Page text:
Pathogenesis of colorectal cancer (CRC) is associated with alterations in gut microbiome. Previous studies have focused on the changes of taxonomic abundances by metagenomics. Variations of the function of intestinal bacteria in CRC patients compared to healthy crowds remain largely unknown. Here we collected fecal samples from CRC patients and healthy volunteers and characterized their microbiome using quantitative metaproteomic method. We have identified and quantified 91,902 peptides, 30,062 gut microbial protein groups, and 195 genera of microbes. Among the proteins, 341 were found significantly different in abundance between the CRC patients and the healthy volunteers. Microbial proteins related to iron intake/transport; oxidative stress; and DNA replication, recombination, and repair were significantly alternated in abundance as a result of high local concentration of iron and high oxidative stress in the large intestine of CRC patients. Our study shows that metaproteomics can provide functional information on intestinal microflora that is of great value for pathogenesis research, and can help guide clinical diagnosis in the future.
Colorectal cancer (CRC) is the third most commonly diagnosed cancer and the fourth leading cause of oncological mortality worldwide1. In recent years, CRC incidence rates in developing countries have been rising because of obesity and westernized diet2. In particular, high-level intake of red meat and inadequate intake of vegetables and fiber could increase the risk of CRC2. The pathogenesis of CRC is a complex multistep process involving genetic alterations3, immune factors4, environmental factors (e.g. diet and lifestyle)5, and human gut microbiome6.
Human gut hosts about 100 trillion microbes. Most microbes colonize the large intestine at a concentration of about 1012 cell per mL7. Emerging evidences indicate that microbial dysbiosis is a driving force in the pathogenesis of intestinal tumor8. Studies using metagenomics-based approaches demonstrated that Parvimonas micra, Solobacterium moorei, Fusobacterium nucleatum, and Peptostreptococcus stomatis are enriched in the gut of CRC patients9. It has been observed that the enterotoxigenic Bacteroides fragilis is increased in the feces and colonic mucosa of CRC patients10,11. Tjalsma et al. presented a bacterial driver–passenger model for CRC pathogenesis, indicating that CRC can be initiated by “driver” bacteria that are eventually replaced by “passenger” bacteria during tumorigenesis6. However, the actual function of human gut microbiome in the pathogenesis of CRC remains largely unexplored. There is an urgent need to fully understand the impact of microbes in CRC.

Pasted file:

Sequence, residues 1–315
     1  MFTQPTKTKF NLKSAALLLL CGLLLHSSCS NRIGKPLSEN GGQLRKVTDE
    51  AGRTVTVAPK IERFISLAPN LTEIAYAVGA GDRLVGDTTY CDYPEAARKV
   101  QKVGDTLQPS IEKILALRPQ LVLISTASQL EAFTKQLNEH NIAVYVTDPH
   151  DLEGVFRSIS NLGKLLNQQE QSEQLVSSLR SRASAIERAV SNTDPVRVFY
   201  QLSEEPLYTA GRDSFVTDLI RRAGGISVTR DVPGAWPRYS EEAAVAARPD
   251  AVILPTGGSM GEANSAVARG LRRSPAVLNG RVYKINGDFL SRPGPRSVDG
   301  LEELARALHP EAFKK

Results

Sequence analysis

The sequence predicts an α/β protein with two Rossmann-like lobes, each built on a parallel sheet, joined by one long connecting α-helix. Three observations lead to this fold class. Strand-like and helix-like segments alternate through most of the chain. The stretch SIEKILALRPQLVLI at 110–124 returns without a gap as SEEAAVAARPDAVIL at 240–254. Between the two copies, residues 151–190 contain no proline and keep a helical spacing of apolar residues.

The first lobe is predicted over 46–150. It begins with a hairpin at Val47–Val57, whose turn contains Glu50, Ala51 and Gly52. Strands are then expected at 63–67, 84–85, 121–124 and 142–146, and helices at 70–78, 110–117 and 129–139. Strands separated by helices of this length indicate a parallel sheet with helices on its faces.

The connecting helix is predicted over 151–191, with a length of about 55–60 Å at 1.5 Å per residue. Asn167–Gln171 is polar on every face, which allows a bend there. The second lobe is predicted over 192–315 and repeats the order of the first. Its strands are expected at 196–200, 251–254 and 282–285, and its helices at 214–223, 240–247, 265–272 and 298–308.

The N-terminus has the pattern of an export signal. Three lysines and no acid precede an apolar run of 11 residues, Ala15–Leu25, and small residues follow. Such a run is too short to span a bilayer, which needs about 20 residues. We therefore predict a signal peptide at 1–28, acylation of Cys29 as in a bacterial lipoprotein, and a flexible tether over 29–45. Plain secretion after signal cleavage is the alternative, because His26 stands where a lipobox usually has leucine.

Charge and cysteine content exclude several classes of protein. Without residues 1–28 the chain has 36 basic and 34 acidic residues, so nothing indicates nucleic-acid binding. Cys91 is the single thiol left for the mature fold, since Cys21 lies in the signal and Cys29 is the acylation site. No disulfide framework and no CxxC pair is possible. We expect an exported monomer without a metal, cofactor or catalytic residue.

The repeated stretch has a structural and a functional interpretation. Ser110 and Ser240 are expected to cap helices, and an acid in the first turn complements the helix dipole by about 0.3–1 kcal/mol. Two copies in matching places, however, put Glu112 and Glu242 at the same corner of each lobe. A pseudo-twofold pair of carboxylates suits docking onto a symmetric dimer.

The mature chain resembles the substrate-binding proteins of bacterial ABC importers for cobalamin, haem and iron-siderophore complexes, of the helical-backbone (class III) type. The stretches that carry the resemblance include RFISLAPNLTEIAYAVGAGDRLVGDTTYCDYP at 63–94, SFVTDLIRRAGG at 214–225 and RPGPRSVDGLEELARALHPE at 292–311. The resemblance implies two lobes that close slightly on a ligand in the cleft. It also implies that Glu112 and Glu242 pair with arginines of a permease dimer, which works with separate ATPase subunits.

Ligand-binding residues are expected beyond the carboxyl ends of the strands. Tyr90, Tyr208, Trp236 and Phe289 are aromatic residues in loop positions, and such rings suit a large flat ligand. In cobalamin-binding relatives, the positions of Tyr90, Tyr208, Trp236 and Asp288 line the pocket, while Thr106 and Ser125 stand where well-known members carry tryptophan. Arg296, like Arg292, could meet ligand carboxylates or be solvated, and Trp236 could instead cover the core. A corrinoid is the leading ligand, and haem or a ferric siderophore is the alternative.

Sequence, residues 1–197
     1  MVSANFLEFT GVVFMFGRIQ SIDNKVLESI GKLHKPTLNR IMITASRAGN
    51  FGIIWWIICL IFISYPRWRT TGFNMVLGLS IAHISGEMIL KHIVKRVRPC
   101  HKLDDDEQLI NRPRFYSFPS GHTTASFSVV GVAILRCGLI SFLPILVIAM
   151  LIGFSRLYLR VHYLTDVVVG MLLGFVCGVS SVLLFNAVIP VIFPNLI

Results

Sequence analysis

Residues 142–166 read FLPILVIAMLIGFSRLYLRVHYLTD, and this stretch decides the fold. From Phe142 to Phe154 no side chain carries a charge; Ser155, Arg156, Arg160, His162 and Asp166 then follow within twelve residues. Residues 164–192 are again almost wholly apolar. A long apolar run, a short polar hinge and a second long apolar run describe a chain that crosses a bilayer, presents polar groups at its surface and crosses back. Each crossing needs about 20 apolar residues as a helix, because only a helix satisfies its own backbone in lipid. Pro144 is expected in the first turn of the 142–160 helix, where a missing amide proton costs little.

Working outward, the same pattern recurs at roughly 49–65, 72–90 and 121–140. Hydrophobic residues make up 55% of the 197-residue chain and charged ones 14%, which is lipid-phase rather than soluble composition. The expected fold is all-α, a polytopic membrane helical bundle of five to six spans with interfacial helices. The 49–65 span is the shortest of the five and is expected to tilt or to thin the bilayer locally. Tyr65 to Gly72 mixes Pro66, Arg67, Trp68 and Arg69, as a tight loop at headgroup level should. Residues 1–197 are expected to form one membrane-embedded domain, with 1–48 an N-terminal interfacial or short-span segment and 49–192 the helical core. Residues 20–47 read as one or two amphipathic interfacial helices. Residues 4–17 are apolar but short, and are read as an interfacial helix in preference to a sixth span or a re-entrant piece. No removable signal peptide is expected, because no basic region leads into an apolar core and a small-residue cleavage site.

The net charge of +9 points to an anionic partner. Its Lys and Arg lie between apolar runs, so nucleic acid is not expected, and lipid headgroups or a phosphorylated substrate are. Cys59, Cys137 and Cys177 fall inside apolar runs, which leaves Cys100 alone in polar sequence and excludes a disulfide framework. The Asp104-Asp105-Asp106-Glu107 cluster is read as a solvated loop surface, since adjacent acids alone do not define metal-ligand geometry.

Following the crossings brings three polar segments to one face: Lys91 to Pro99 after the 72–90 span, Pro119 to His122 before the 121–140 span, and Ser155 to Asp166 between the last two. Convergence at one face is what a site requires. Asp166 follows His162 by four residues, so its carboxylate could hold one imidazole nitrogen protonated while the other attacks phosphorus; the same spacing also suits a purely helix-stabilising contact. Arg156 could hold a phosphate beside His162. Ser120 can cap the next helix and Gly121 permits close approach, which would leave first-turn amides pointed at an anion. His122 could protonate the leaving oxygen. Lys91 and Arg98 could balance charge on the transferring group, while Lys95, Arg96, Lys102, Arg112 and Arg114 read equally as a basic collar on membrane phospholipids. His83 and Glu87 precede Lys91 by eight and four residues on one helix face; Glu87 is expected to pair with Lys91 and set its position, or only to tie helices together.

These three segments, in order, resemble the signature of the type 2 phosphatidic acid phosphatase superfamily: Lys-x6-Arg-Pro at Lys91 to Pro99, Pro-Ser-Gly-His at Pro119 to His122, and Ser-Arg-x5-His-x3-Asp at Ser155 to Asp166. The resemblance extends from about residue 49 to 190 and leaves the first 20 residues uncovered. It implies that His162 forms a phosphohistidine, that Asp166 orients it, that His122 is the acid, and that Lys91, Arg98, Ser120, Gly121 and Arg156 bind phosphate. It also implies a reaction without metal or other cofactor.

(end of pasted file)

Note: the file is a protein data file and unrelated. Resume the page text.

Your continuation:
Traditional methods for bacterial characterization are usually based on bacterial culture. Culturomics is a bacterial identification method that combines multiple culture strategies, matrix-assisted laser desorption/ionization–time of flight mass spectrometry (MS) identification, and 16S rRNA typing12. However, most microbes in the gut are difficult to culture. Metagenomics has recently been widely used to characterize gut microbiome without bacterial culture13. The methods can provide information on the taxonomic abundances of samples. Nevertheless, biases can exist due to DNA extraction methods, the use of amplification primers, and bioinformatic tools12,13. In addition, sequencing cannot distinguish between live bacteria and transient DNA12. It is also difficult to reveal important functional elements of gut microbiome solely by metagenomics. Therefore, it has been suggested that functional omics, like metaproteomics and metabolomics, should also be involved in the study of gut microbiome, wherein “function first, taxa second” has been proposed14.
Metaproteomics was initially used to study the microbial function of environmental samples, like soil, activated sludge, and acid mine drainage15. In 2009, Verberkmoes et al. first studied human gut microbiome using shotgun metaproteomics, wherein the samples were feces collected from a pair of monozygotic twins16. In 2017, Tanca et al. chose a cohort of 15 healthy Sardinian populations and studied the function of their gut microbiome using metaproteomics17. In 2018, Zhang et al. demonstrated an upregulated expression of human proteins related to oxidative antimicrobial activity in pediatric inflammatory bowel disease (IBD) by metaproteomics18.
Herein, we used data-independent acquisition (DIA)-based label-free quantitative proteomics for a cohort analysis of CRC patients’ and healthy volunteers’ gut microbiome. A total of 30,062 protein groups and 91,902 peptides from 195 genera of microbes were identified and quantified. Three hundred and forty-one protein groups were found significantly different in abundance between the CRC patients and the healthy volunteers. Among the 341 proteins, 27 are related to iron intake and transport, and 42 are related to oxidative stress, which can be resulted from the high local concentration of iron and high oxidative stress in the large intestine of CRC patients. The results show that not only taxonomic abundances but also function of gut microbiome is changed during the pathogenesis of CRC.
Metaproteomic characterization of the gut microbiome of CRC patients and healthy crowds